Released 4/26/16 | Tags: Congressional Legislation
The Subcommittee on Disability Assistance and Memorial Affairs of the House Veterans Affairs Committee, will hold a hearing on Thursday, April 28, 2016 at 10:00am Eastern time to hear testimony and discuss proposed changes to the veterans appeals process at the Department of Veterans Affairs. The National Veterans Legal Services Program and the Veterans Law Institute at Stetson University's College of Law submitted a statement to the committee that supports the changes, but with two significant caveats. Read the full statement submitted to the subcommittee.
The statement summary is below:
The proposed legislation contains a far-reaching restructuring of the VA administrative appeals process. It contains many positive features that are likely to decrease appeal times while providing claimants with various options for pursing their appeals. As with any substantial change to a complex system, there will clearly be effects that we cannot now predict. But given that the current appeals process is not functioning well, we have ultimately concluded that the proposed legislation – even without being able to predict all of its effects – is a necessary step, with two important caveats.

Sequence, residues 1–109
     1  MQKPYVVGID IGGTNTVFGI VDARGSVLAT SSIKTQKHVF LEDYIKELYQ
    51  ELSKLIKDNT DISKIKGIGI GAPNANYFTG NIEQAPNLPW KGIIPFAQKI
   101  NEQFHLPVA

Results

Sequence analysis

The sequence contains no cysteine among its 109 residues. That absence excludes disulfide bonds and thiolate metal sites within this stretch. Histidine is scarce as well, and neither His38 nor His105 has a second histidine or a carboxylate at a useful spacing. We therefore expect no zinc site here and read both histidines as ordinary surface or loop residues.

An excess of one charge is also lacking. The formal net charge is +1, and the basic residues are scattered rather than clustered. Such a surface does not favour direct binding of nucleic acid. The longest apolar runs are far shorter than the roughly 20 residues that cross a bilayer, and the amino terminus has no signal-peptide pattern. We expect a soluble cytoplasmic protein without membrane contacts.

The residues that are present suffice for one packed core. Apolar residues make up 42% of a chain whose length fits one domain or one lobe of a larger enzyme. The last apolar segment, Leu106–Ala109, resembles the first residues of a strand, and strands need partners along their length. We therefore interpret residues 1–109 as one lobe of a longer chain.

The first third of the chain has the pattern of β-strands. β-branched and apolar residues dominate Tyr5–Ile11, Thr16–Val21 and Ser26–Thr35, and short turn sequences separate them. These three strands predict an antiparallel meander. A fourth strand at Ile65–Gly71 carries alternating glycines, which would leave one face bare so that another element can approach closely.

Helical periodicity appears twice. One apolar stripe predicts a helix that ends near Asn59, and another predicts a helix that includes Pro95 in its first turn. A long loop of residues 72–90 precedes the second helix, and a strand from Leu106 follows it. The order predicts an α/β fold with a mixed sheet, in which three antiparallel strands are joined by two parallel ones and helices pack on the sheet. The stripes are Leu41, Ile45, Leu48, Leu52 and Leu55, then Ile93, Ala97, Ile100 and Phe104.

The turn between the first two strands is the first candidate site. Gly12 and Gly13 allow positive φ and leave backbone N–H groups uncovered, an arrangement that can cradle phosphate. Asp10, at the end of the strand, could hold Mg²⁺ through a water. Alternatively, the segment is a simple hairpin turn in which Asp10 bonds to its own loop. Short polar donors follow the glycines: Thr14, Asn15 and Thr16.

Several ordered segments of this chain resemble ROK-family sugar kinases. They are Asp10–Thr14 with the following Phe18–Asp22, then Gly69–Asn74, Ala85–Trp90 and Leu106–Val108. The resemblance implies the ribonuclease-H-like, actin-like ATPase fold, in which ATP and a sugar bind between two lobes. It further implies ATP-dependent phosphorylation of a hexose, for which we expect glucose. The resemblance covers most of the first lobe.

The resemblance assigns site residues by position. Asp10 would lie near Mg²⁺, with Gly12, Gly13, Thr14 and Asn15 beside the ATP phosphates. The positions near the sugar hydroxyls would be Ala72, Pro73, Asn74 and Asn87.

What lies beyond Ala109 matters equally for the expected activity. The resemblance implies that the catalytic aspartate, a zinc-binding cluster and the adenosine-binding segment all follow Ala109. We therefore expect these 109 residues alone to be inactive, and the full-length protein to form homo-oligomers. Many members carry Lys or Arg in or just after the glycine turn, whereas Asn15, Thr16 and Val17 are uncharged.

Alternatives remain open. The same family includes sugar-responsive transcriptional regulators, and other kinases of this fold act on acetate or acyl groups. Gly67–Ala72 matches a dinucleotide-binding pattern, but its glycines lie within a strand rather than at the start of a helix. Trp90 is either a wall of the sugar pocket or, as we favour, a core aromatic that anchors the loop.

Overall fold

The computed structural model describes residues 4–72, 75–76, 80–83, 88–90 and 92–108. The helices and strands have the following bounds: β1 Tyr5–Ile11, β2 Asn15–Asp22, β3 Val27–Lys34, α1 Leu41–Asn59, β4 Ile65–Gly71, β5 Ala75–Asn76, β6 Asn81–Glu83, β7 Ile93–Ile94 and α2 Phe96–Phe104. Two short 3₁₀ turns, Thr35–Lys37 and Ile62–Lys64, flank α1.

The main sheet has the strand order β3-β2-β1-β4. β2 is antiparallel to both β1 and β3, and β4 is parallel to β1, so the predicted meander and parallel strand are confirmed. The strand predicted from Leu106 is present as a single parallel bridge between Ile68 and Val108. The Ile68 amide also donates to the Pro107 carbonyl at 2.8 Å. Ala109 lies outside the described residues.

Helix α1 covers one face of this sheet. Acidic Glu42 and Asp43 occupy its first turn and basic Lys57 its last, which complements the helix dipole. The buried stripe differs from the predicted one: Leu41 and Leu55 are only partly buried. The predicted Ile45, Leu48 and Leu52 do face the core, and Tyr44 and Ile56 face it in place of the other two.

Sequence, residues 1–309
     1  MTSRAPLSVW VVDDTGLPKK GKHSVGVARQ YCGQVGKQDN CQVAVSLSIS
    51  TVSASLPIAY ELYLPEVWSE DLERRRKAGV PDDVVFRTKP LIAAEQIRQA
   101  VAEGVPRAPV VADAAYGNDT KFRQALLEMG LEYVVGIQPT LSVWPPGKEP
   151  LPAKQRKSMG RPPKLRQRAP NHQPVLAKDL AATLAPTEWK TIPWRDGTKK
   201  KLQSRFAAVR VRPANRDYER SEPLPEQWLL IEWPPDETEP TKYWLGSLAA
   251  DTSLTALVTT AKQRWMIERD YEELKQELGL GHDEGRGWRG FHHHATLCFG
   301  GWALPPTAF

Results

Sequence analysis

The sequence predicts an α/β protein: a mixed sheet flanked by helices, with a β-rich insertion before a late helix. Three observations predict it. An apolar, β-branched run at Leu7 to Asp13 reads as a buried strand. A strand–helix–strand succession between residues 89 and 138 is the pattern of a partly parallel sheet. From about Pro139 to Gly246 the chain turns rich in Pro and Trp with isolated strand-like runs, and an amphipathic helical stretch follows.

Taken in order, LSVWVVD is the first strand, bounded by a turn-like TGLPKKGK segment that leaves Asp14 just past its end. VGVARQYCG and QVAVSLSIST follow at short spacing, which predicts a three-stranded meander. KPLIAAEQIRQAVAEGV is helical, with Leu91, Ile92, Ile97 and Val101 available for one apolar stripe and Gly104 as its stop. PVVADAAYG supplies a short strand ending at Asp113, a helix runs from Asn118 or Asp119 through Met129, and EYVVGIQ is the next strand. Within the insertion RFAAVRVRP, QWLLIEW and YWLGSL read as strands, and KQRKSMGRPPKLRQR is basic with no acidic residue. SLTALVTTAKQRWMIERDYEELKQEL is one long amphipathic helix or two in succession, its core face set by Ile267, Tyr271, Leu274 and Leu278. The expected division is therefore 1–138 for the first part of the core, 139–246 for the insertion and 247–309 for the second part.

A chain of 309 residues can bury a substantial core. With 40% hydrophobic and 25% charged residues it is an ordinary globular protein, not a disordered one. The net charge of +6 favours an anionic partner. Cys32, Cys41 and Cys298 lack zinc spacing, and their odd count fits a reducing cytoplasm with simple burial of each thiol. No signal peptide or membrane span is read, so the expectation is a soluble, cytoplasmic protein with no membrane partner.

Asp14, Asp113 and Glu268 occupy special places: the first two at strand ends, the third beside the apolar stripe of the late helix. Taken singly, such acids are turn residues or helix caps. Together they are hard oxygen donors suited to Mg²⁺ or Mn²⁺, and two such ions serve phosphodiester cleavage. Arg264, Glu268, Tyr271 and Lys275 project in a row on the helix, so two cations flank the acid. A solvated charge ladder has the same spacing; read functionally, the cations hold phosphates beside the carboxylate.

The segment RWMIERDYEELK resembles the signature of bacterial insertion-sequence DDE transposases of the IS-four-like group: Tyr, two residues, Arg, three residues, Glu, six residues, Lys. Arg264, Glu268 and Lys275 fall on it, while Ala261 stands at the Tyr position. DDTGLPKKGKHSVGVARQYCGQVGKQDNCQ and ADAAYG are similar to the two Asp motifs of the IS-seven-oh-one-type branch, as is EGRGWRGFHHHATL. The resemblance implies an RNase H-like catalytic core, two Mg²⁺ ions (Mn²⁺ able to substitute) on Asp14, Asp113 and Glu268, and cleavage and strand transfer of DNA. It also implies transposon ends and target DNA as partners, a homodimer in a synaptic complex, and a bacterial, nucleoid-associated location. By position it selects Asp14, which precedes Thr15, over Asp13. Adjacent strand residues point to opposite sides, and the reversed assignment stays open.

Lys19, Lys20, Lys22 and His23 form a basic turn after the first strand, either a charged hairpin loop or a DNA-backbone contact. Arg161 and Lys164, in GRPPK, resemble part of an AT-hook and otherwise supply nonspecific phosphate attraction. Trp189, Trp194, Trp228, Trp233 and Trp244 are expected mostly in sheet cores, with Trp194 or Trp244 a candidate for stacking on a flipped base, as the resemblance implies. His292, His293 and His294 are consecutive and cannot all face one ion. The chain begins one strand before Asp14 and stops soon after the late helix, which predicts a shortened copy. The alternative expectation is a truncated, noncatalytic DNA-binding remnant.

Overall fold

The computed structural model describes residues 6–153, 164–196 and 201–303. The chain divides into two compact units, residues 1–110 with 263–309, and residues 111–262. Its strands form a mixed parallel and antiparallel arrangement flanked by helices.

First, an amendment to the proposed legislation is needed to avoid the litigation and disruption of the appeals process that will be generated by the way VA officials are interpreting the proposed legislation. According to VA officials, including Secretary McDonald, after a Board of Veterans’ Appeals decision disallowing a claim, the veteran would be required under the proposed legislation to make a choice between (i) appealing to the Court of Appeals for Veterans Claims and (ii) filing a supplemental claim with the regional office, in order to preserve the date of filing the initial claim as the potential effective date. Before this legislation is passed, Congress should amend the proposal to prevent VA’s interpretation, since the choice VA wishes to impose on veterans is contrary to the interests of justice and the pro-claimant process that Congress long ago created.
Second, an amendment is necessary to the wording of the lower threshold standard in the proposed legislation for requiring VA to readjudicate a claim that has previously been disallowed in order to ensure that VA uniformly interprets this standard to be a minor hurdle.